The Poem

(Critical Guide to Poetry for Students)

A brief free-verse poem of sixteen lines divided into four stanzas, “Fleeing” was written originally in German. The present progressive form of the title suggests flight as an incessant reality, intensified by the poet’s unblinking scrutiny.

The poem opens with a curious observation, voiced with more wonder than irony. The poet marvels about the “great reception” one encounters “on the way” while fleeing. She reveals herself as immersed in the process, rather than focused on the point either of departure or of arrival.

This reception involves the participation of the natural world, represented by the elements and by animate life. The world is in constant motion, caught in the currents of change: wind, sand, and evolving beings. As such, it invites no comment; there is no “amen” to the prayer recited in its sanctuary. Existence is “compelled,” the poet concludes in the second stanza, in its eternal metamorphosis.

The imperative of transformation is embodied by the butterfly, which the poet presents in the third stanza—presumably as an image of the self. It is “sick,” and transformation can serve as a kind of healing. Metamorphosis is not without continuity; the butterfly will “learn again of the sea”—that is, be reconciled with its origins.

Every living being leaves an impression; comprehension of life’s hieroglyphics is available to the imagination, as nature even in its storm of change becomes meaningful in relationship to consciousness: A stone “with the fly’s inscription” gives itself into the poet’s hand. The poet’s borderless dwelling in the universe is conveyed by her description of it as an environment of worship: “Wrapped/ in the wind’s shawl”—that is, the tallith, or prayer shawl—with feet “in the prayer of sand.”

In the final stanza, the poet locates herself in a moment of time rather than a demarcation of geography (a “homeland”), and this moment is fleeting. That is, time and space are conspiring to flee with her; the entire world is gathering itself for transformation.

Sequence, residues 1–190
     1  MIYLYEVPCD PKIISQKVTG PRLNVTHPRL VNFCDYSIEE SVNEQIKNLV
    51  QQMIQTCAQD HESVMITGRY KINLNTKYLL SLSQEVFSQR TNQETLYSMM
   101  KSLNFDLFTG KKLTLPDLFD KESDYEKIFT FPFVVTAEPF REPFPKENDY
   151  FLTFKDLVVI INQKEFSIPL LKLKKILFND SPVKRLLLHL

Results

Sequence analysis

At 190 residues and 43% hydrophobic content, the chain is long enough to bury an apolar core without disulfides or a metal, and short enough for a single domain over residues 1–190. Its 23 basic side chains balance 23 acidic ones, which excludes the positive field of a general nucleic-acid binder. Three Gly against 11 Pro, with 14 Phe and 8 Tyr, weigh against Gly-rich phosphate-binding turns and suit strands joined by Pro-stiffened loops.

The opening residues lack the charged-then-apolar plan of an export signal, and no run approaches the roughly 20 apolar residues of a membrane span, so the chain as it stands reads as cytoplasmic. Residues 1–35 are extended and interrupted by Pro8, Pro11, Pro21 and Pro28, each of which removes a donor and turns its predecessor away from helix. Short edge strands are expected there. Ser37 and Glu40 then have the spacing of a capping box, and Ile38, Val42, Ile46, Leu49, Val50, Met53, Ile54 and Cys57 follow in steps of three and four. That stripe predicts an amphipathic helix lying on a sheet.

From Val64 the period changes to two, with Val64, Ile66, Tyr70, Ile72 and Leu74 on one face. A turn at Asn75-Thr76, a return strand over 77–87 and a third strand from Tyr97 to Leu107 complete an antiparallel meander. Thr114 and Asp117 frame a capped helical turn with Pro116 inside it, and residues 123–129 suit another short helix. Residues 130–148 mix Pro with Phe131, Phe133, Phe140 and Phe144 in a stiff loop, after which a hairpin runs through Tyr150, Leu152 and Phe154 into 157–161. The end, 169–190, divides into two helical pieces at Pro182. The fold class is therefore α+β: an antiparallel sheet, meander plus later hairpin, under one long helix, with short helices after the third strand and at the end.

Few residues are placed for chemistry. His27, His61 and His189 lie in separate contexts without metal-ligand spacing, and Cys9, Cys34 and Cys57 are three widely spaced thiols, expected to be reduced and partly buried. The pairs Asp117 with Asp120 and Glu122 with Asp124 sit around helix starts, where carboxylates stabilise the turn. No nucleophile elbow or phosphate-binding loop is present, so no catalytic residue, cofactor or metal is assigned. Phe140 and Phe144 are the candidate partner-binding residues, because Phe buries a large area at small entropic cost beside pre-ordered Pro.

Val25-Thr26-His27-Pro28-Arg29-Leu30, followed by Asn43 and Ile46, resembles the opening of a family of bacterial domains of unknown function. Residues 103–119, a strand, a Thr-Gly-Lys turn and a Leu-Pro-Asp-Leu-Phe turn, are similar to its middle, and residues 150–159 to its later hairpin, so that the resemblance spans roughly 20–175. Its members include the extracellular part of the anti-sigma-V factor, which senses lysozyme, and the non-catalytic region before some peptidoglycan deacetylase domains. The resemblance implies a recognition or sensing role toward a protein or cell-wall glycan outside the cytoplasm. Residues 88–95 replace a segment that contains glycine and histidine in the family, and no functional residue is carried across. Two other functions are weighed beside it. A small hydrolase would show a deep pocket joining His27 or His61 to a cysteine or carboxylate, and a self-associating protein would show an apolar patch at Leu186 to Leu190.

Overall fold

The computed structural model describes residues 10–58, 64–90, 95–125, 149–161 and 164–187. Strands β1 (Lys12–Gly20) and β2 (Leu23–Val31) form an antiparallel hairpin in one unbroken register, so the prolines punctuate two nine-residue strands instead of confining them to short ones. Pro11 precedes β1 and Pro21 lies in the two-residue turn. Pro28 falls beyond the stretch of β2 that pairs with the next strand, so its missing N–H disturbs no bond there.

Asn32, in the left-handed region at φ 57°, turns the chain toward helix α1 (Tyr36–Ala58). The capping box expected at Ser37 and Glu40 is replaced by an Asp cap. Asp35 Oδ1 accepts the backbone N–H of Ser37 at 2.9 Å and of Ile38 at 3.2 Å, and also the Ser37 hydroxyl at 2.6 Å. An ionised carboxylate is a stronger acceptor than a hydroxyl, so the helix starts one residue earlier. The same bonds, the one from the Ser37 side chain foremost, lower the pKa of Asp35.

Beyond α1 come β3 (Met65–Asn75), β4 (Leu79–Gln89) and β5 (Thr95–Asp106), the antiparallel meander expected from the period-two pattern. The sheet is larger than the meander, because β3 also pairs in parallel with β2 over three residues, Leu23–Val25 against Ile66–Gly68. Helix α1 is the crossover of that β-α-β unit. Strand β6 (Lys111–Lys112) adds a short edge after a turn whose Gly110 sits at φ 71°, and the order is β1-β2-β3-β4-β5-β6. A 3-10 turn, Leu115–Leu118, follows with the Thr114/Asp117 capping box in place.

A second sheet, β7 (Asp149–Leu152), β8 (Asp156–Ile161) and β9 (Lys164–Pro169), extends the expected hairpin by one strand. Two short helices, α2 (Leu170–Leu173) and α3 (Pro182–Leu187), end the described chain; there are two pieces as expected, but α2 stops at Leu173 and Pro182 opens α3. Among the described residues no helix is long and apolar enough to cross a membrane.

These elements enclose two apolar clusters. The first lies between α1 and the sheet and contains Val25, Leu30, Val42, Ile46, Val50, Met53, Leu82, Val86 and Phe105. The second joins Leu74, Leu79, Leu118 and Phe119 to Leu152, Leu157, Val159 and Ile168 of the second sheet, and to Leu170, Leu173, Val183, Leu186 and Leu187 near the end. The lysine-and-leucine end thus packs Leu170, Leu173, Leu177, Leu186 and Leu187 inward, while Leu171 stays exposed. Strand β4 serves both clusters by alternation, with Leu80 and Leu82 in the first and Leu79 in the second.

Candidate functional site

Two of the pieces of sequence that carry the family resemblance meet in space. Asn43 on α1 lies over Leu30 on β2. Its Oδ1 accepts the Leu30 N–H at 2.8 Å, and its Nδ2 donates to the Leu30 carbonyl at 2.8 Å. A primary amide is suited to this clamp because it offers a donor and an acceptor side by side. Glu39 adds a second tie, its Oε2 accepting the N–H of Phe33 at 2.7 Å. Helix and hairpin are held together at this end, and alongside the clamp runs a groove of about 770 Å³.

Fleeing Forms and Devices

(Critical Guide to Poetry for Students)

Recurring throughout Nelly Sachs’s poetry are the images of dust, or sand, and the butterfly, both symbols of metamorphosis. Representing both the animate and inanimate worlds, these images indicate a creation that is in flux. Sachs also evokes the idea of creation as a work in progress, rather than as a finished product, in her allusion to the workings of evolution: from “fin to wing/ and further.”

The imagery in “Fleeing,” as in other Sachs poems, acts sacramentally; that is, natural objects become agents of spiritual awareness: The wind becomes a prayer shawl, the sand a prayer. Language itself is a vehicle for the sacred, through prayer as well as through inscription that contains revelation.

Meanings and significances of words themselves undergo metamorphosis in the course of the poem: Fleeing turns into a reception; a stone becomes something impressionable and communicative. The very alchemy of which poetry is capable is thus suggested. The poem acts like a hymn as a vehicle for transformative experience. The critic J. P. Bauke has written that Sachs’s poetry “reaches the hymnic pathos of prophecy”; poet Stephen Spender has described her verse as “apocalyptic hymns.”

The shortness of the lines, along with the use of the dash at the end of each stanza, helps communicate rhythmically the urgency and incompleteness, the thrust into the unsayable, conveyed by the poem’s transmutable imagery and language.

With its emphasis on imagery—on metaphor, juxtaposition, ellipses—rather than on complex rhythmic texture or intricate rhyme scheme, Sachs’s poetry can be readily appreciated in translation.